Wednesday, 26 February 2014

Comparing land-use in the Sahel and the Mojave

Description: Riviera Hotel Las Vegas
Sahel                                                  Mojave

Location (including states/countries)

Spans several countries across the whole of Sub-Saharan Africa along the south edge of the Sahara desert. Includes Sudan, Mali, Niger and Burkina Faso.

Located in south-western USA, mostly in California but also extends into Nevada, Utah and Arizona.

How does this affect land-use management?

Very difficult to reach agreements between countries, strategies end up being disjointed. Some countries more proactive than others when it comes to environmental conservation. Some countries face political instability and have a lack of decision-making infrastructure making cooperation difficult. Weak links between different levels of government (e.g. central government and local authorities) may make management strategies difficult to implement.

The entire area is within one country which has a strong system of government. Governmental and non-governmental organisations are able to work together effectively and a strong law-and-order system allows policies to be enforced. The USA also has well-respected environmental pressure groups. Conservation is generally seen as an important issue.

Economy (e.g. GNP)

Niger = $380 per capita; Mali = $700

USA = $50,000 per capita

How does this affect land-use management?

Poverty is a huge issue for both countries and individuals. National governments need to prioritise where to spend a limited amount of money and they may choose to invest in other areas such as industry or cities rather than the sparsely populated Sahel. At a local scale people have little time or money to spend on land management projects as they are too pre-occupied with their day-to-day survival.

The USA is highly developed and affluent country where most people live a higher quality of life than those in the Sahel and hence have time for other considerations such as the environment. Desert areas are seen as resources which can be exploited and the challenges they pose can be overcome with large scale projects as money is not so much of an issue as it is in Africa.

Natural Processes (local climate, desertification, flooding)

Desertification is a major problem in the Sahel. The high rate of population growth (thought to be doubling every 20 years) is putting a lot of pressure on an environment, which has experienced a significant reduction in rainfall since the 1970s. Prolonged droughts are common, and when the rains finally do come they can result in flash floods, causing even more destruction to any crops that survived the drought.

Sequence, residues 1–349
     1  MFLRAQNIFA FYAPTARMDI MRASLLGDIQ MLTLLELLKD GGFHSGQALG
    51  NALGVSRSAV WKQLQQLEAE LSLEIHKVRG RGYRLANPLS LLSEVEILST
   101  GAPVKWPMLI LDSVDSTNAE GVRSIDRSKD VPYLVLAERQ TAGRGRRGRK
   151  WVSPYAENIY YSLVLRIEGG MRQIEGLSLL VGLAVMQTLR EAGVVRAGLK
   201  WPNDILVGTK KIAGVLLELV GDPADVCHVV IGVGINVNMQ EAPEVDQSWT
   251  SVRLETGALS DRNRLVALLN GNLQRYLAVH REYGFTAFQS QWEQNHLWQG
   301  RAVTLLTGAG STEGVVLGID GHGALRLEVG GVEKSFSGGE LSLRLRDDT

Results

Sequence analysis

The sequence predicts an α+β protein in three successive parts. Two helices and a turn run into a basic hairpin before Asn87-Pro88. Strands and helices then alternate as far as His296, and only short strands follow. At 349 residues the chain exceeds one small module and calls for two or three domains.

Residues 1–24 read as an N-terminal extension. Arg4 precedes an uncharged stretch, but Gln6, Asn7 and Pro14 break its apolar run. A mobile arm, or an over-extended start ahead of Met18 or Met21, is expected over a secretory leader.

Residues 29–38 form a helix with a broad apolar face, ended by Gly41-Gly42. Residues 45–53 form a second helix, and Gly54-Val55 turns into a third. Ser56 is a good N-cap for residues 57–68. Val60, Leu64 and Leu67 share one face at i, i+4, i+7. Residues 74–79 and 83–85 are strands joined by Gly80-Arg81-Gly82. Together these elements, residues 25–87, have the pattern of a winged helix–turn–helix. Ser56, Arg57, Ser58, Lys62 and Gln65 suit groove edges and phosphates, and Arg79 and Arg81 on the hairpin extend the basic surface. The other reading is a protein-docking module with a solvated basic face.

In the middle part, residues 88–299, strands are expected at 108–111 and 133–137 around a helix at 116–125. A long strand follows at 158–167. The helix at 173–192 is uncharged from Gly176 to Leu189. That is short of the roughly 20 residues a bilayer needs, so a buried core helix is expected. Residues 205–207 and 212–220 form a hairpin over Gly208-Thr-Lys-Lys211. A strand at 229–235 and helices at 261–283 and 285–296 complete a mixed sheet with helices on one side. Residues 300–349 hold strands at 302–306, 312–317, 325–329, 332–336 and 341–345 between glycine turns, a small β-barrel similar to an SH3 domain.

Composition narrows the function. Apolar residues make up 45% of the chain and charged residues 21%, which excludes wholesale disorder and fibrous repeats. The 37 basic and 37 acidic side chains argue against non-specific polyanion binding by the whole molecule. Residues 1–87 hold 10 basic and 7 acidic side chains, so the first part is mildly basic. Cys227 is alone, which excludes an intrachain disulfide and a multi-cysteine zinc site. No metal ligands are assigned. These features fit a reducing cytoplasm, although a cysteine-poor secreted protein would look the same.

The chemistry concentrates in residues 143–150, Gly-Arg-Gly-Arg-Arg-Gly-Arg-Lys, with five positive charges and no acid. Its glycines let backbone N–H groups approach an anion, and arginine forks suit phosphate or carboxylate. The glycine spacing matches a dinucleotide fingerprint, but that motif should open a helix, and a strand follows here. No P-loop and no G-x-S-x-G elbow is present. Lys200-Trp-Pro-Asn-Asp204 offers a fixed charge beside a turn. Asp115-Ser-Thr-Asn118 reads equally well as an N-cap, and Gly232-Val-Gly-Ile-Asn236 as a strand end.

Quotation from the UN:

“Over the last half century, the combined effects of population growth, land degradation (deforestation, continuous cropping and overgrazing), reduced and erratic rainfall, lack of coherent environmental policies and misplaced development priorities, have contributed to transform a large proportion of the Sahel into barren land, resulting in the deterioration of the soil and
water resource”

Although vulnerable to desertification due to climate change and mis-managed grazing, the process is largely kept under control and is much less of a threat in the USA.


Livestock herding and cultivation is the main form of land-use in the Sahel with many people being subsistence farmers. Traditionally Sahelian people were nomadic, moving to greener pastures and leaving other areas to re-grow. However, a combination of enforced colonial barriers and population increase (3% per year) that is outstripping food production (2% per year) has led to settling of the nomadic population and hence overgrazing and overcultivation.

The settled population is also removing trees and vegetation to use for fuelwood as they have no other source of energy. This is extremely unsustainable as it removes the protective cover of the soil, reinforcing the desertification process. Low levels of education and security mean that people do not realise or do not have a choice but to destroy their own environment. A lack of knowledge may also lead them carry out inappropriate farming techniques such as over-irrigation, which can lead to soil salinization.

However some initiatives have been put in place to place to tackle these problems. Most of these are small-scale and low-cost. For example the use of diguettes to reduce soil erosion, early-warning systems to prevent drought-induced food shortages, use of more efficient farming techniques such as drip-irrigation and high-yielding crop varieties, and afforestation programmes such as ‘Sahel Eco’.

Cattle-ranching was one of the first agricultural activities due to the arid climate of this area but the development of large scale irrigation allowed more intensive forms of agriculture such as cotton, grapes, nuts, vegetable and alfalfa – a forage crop for cattle.

Irrigation has brought a number of problems including salinization and a lowering of the water table.

Water Supply

The Sahel suffers from frequents droughts and hence famines as they are extremely dependent on rainfall and have few back-up options. When the rains do come they often lack the ability to store water. Millions are dependent on long-term aid to survive.

The situation is totally different in the USA as development and technology has enabled the country to not only meet individual water needs but also provide for intensive irrigation. However this is not without its problems.